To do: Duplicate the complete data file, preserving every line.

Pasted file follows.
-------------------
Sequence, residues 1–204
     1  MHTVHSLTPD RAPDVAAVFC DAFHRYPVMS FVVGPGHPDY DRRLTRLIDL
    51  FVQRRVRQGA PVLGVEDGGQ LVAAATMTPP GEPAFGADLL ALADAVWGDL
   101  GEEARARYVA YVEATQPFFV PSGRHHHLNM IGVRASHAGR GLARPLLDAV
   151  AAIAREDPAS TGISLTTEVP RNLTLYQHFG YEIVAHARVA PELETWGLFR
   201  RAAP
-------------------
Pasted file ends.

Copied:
Sequence, residues 1–204
     1  MHTVHSLTPD RAPDVAAVFC DAFHRYPVMS FVVGPGHPDY DRRLTRLIDL
    51  FVQRRVRQGA PVLGVEDGGQ LVAAATMTPP GEPAFGADLL ALADAVWGDL
   101  GEEARARYVA YVEATQPFFV PSGRHHHLNM IGVRASHAGR GLARPLLDAV
   151  AAIAREDPAS TGISLTTEVP RNLTLYQHFG YEIVAHARVA PELETWGLFR
   201  RAAP